It’s that time of year again, isn’t it? Where entire offices, factories and other work places worth of people pour into bars and clubs to celebrate the festive season together by getting drunk beyond belief and ending the night making friends with the toilet. If they make it that far. Because, of course that would be what Jesus would’ve wanted.
And although these ‘dos’ are under threat again as yet another variant of Covid rises and takes hold, some people still won’t be stopped in their quest for Yuletide humiliation. Some in fact, will have already set off on their quest having been out for the first, second or even third of many such ‘dos’.
It’s been years since I bothered. So many in fact that I genuinely can’t remember the last one I went on. I’ve been on loads of them though, so speak from experience, but I think I just got to a point where I couldn’t be bothered any more. I know in part this was down to the fact that where I worked and where I lived were just far too far apart, making going out with those I worked with impractical at best. Maybe I just grew up a little bit as well.
Anyway, I wrote a short poem about them.
Christmas Do For one night only, rival factions might just lose their friction, conversations blossom, gropes and saliva are traded with imperfect strangers. All in the name of the Christmas Do. In a corner Elsa from Frozen snogs the face off an elf as different office fancy dress parties collide, and while love won't blossom, regret will thrive as, in another part of the bar, a wobbly one-kneed proposal is hugged away, laughed off in the hope that all the morning brings is amnesia and a sore head, perhaps, at worst, an oh-so-distant memory that will remain unspoken. In every corner someone is crying while no one really knows why, but despite the season to be jolly, tears will flow like waterfalls Elsewhere, the inevitable scuffle jars against festive frivolity, briefly shattering the good will to all men, until all unwise men are dragged away to consume even more of what seasoned their aggression in the first place. He's not worth it, Darren, because it's Chriiiiistmaaaaas, Darren As tradition demands, the night will end with a raucous singalong as groups come together to link arms and drag each other around the dancefloor roughly and without any sense of rhythm or in fact any more than a quarter of the right words to the song. And then, it's off into the night, until next year when they'll Christmas Do it all once more.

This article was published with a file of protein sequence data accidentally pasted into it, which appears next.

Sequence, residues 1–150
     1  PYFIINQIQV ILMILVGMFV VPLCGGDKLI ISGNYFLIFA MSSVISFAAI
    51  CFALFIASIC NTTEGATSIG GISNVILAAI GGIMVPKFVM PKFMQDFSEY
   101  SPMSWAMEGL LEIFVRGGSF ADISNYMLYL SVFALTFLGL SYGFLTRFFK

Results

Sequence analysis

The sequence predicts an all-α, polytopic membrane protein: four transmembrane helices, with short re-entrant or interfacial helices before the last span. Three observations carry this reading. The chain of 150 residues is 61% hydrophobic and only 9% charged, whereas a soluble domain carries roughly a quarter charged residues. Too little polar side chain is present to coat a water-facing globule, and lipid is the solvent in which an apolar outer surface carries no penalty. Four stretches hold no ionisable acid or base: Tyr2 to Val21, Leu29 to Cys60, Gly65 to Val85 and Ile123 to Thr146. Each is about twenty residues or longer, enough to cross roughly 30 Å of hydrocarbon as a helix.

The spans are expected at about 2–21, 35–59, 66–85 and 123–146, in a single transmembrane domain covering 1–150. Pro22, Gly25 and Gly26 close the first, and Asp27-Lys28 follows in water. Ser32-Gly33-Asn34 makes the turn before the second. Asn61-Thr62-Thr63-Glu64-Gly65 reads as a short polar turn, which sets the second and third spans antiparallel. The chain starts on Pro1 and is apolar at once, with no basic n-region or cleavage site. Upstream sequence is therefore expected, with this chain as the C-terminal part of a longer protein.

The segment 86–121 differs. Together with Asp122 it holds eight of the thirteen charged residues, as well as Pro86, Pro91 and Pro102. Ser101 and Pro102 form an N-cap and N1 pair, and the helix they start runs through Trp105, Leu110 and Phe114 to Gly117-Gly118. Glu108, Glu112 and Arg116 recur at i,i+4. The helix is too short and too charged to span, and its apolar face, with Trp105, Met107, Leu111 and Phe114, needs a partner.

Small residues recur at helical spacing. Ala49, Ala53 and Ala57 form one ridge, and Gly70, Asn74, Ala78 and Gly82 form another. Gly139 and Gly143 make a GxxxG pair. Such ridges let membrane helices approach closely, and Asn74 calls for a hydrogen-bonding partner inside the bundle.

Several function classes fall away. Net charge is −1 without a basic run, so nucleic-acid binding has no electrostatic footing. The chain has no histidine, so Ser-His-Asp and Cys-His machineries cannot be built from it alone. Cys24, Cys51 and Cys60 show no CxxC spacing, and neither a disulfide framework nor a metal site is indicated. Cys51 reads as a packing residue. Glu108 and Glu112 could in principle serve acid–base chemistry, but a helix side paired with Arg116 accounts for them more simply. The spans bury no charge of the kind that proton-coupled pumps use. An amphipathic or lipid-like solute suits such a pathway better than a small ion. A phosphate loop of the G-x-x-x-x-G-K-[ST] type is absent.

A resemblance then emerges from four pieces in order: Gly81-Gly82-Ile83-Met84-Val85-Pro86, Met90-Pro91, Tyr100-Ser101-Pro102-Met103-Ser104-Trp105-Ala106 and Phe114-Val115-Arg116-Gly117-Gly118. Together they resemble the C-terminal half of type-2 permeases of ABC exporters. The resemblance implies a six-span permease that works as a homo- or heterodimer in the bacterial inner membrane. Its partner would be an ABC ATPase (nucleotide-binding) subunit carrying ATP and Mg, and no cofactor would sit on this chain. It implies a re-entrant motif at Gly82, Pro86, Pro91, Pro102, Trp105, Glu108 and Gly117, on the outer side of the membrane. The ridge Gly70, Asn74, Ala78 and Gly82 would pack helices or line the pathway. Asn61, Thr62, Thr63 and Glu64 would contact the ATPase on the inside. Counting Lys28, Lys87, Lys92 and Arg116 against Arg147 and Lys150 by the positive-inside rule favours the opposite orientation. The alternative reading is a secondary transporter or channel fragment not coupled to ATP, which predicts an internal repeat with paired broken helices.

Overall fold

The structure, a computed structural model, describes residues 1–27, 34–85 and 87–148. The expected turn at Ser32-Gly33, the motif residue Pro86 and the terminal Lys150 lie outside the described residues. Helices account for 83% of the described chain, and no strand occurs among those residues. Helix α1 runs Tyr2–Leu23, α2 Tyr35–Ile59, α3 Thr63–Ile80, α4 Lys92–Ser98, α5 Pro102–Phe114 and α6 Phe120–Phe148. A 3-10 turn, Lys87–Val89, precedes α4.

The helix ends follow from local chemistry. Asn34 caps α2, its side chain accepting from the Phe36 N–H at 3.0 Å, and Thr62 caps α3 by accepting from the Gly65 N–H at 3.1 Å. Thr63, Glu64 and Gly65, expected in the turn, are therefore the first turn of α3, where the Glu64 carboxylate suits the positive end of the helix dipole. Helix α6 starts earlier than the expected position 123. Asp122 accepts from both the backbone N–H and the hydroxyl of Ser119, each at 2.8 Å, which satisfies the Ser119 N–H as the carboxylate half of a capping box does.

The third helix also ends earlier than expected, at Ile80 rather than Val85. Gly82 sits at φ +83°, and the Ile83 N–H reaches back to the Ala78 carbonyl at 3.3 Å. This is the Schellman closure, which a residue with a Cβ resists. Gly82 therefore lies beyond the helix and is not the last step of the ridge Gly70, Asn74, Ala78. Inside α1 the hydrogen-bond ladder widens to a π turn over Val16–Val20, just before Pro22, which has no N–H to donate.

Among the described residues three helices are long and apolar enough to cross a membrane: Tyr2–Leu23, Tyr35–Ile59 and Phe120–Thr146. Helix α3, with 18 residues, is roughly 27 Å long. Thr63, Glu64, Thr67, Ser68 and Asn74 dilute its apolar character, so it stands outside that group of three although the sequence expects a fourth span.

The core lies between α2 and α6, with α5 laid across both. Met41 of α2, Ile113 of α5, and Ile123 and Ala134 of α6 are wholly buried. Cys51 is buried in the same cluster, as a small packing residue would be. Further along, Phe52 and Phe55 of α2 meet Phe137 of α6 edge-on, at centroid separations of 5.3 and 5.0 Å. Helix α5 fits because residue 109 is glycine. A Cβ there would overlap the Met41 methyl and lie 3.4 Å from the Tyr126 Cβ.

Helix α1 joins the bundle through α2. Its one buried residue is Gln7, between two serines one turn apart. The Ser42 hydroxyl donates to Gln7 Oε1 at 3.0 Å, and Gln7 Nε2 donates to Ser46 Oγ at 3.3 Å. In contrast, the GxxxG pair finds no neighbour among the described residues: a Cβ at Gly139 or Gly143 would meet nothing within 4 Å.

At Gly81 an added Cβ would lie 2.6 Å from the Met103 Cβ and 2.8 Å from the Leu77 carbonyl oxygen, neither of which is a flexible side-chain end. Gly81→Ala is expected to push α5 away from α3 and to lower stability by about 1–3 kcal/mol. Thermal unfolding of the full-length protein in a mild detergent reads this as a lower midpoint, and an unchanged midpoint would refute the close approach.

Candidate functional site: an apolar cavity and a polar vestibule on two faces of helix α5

When I initially wrote the poem I was quite happy with it. I liked one or two of the reference points and thought that in some places I’d nailed the idea of the Christmas Do. However, a few days later when I came to look at it again, I was unhappy with the length of it. So – and I must say it was in haste, so forgive me if it doesn’t quite work – I added some lines and fiddled around with others. This was all done while various family members kept asking me to do stuff, so maybe the thought process wasn’t particularly flowing either. As a result, I’m not quite sure about some of it, especially the end, which changed on more than one occasion. But, if I continued drafting it would likely be January and what use is a Christmas themed poem at the start of the year?
So there you have it. Hopefully I’ve captured most, if not all of the horror of these nights. All in the name of Christmas, but often without even a hint of good will in sight. I think that many of the references in the poem are very British. Certainly, I hope that other countries don’t do Christmas nights out in the same fashion that we do.